The Core – Peter V. Brett

Deer Reeder,

Hard back edition, front cover on left and inside cover on right

God, it has been a long time since I have written one of these. Too long in fact. I knew this would happen once I started uni again, I’ve just had no time to read! *sighs and looks away from the mountain of assignment briefs nearby…*

Anyway, enough of the woes and on with the book reviewing.

So, The Core by Peter V. Brett. What can I say apart from at last and about time! I’ve waited for the finale to the Demon Cycle series for around two years now, but it was worth this wait. The book starts slowly, re-enveloping you into this fantasy world and ends like Usain Bolt running the 100 metres. I know its not always best to review the last book in a series, but I read the first one many moons ago, so I promise to avoid spoilers where I can.

For those not in the know, the series are set in what seems to be our future but without any of that high-tech business. Instead, it’s as if you’ve stepped back in time to bows and arrows, horses and carts, due to demons destroying the world as we know it. Its clever because you don’t initially realise this until acknowledgments are made about the fall of a previous civilisation, where roads were made of solid black (tarmac) and they had heavy machinery and technology. So, basically describing our everyday surroundings right now. I like this spin on the future, its unexpected and makes you think.

Within this world are two types of people, the Greenlanders in the north of Thesa and the Krasian’s who live in the desert. One of the things I loved most about this series is that Brett parallels real cultural beliefs and customs, and effortlessly mixes it in with fantasy. What is cleaver is that the Greenlanders appear to be a representation of the West, while the Krasian’s are a mixture of the Middle East and Asia. Brett captures the current tensions we see today and in the past intertwining them within his narrative. He highlights how both have the same goal, to defeat the demons, but their cultures are so different that they are almost blind to this fact.

Thesa, where the whole series is set (click here for photo source).

Also, Brett explores the concept of religion in an intriguing depth that really allows you to connect with his characters. The Creator and Everam are basically the same god but, as with all things, they are called different names, so the rivalling people do not believe that they are the same thing and therefore end up arguing over the same concepts instead of working together (sound familiar….?). This highlights how sometimes pride and belief can actually get in the way of finding peace. To add to this, one of the main characters, Arlen, is an atheist who picks apart the pettiness of unnecessary religious statements and rituals, constantly bringing back the attention to defeating the demons.

The theme of religion hits its climax in this book for, the very nature of whether a god actually exists, is continuously questioned. Jardir, who has let religion define his life slowly doubts its existence while, Arlen starts to believe all is maybe not as he first perceived. Very rarely do you find yourself in life being able to listen to the inner dialogue of two men with opposing views who also respect the other persons view as well.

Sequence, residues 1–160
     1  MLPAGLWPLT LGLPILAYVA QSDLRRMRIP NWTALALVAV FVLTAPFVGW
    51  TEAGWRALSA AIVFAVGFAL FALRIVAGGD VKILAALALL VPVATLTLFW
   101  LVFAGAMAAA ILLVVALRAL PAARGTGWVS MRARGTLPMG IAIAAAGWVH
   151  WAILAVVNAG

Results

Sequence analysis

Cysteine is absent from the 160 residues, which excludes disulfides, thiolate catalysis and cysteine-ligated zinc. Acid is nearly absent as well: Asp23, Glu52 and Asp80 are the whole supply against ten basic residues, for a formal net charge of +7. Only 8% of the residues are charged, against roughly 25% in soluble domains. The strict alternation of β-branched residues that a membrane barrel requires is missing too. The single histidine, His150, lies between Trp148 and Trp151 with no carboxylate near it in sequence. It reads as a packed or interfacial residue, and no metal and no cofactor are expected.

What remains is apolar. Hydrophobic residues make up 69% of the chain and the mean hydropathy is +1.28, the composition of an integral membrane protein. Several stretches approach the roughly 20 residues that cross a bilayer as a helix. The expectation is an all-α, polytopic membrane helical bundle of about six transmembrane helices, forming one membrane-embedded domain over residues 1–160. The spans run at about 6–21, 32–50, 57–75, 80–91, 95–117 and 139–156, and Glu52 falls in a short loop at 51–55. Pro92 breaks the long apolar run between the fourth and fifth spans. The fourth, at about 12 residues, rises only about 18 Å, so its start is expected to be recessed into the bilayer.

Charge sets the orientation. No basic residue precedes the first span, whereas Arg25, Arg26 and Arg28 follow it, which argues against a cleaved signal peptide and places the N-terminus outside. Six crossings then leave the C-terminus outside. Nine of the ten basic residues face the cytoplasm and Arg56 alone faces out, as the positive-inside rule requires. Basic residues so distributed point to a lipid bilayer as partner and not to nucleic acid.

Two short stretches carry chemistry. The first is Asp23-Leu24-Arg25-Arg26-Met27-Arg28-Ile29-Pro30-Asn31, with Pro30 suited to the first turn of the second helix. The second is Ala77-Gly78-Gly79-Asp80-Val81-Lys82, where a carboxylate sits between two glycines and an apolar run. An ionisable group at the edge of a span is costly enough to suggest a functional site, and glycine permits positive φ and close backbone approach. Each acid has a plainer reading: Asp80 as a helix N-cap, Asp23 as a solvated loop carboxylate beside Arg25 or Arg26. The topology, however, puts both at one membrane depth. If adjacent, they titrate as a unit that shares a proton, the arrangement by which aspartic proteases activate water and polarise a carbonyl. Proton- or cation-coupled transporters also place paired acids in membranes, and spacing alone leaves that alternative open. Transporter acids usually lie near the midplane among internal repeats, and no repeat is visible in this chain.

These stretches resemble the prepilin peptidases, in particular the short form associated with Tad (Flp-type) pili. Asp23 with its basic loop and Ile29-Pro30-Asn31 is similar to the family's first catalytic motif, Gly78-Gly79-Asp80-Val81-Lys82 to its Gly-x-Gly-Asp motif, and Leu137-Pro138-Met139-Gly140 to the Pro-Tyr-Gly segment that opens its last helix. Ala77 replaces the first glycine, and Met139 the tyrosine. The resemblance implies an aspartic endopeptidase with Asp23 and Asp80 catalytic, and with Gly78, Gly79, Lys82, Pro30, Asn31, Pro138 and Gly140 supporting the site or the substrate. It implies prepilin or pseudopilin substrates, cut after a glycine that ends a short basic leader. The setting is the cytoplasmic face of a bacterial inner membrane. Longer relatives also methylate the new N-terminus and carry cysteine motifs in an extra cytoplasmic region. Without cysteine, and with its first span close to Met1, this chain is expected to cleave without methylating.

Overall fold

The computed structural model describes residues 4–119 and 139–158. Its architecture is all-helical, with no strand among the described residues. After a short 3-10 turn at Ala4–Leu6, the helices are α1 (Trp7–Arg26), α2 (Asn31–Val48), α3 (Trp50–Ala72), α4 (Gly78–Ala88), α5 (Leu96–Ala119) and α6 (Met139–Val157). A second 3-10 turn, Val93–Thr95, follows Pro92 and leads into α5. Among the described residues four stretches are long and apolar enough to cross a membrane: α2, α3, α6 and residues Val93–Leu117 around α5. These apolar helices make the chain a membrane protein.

A question still left unanswered….

Who is the deliverer (The deliverer being the person who brings back powerful combat wards that can kill demons and therefore save humanity)? This never gets fully answered and I’m glad for that. Brett makes you question your perceptions constantly, especially with the Consorts (demon king’s) thoughts and feelings which are far detached from that of a human. In this book you finally begin to understand the psychology of the demons (don’t worry, you don’t begin to feel sympathetic).

Arlen & Jardir (click here for photo source).

The complexity to Brett’s characters, them being neither good nor bad, leaves it up to the reader to decide who they really route for. For example, it has always made me laugh that my brother, Jake, and I have contrasting opinions about the two protagonists due to reading the first two books in different orders. Jake read The Desert Spear first and therefore sees Jardir as the rightful deliverer and his favourite character. Meanwhile I read them in the correct order starting with The Painted Man and so love Arlen. It is a little bit more black and white with the supporting cast but still, due to the shear detail Brett pours into his character descriptions the true complexities of human emotions can be experienced throughout the series.

Did I find the ending satisfying? No of course not! It didn’t end like I wanted it to (don’t worry I won’t tell you what happened). However, its ending was no less appropriate with tensions running high and foreboding clouding over the pages.

As you probably guessed by this super long review (sorry but I had so much to say and still have more in reserve), I loved this book and consider the Demon Cycle to be in my top best fantasy series. The themes with their real-life parallels leave you constantly thinking, resulting in a more realistic, but no less creative narrative within this mini world.

Recommendations. So, of course I would say read the previous four books before tackling this one: The Painted Man, The Desert Spear, The Daylight War and The Skull Throne. Despite never having read them (a crime I know) but I’ve seen the films, The Lord of The Rings would be a good shout as a similar option. Also, Robin Hobb’s Elderling Realm Chronicles may also be worth a shout (read this previous review – Assassin’s Fate – to find out if its your cup of tea).

Here are the rest of the series (source of photo click here) -The End-

A demon reading a book feature image click here for photo source.

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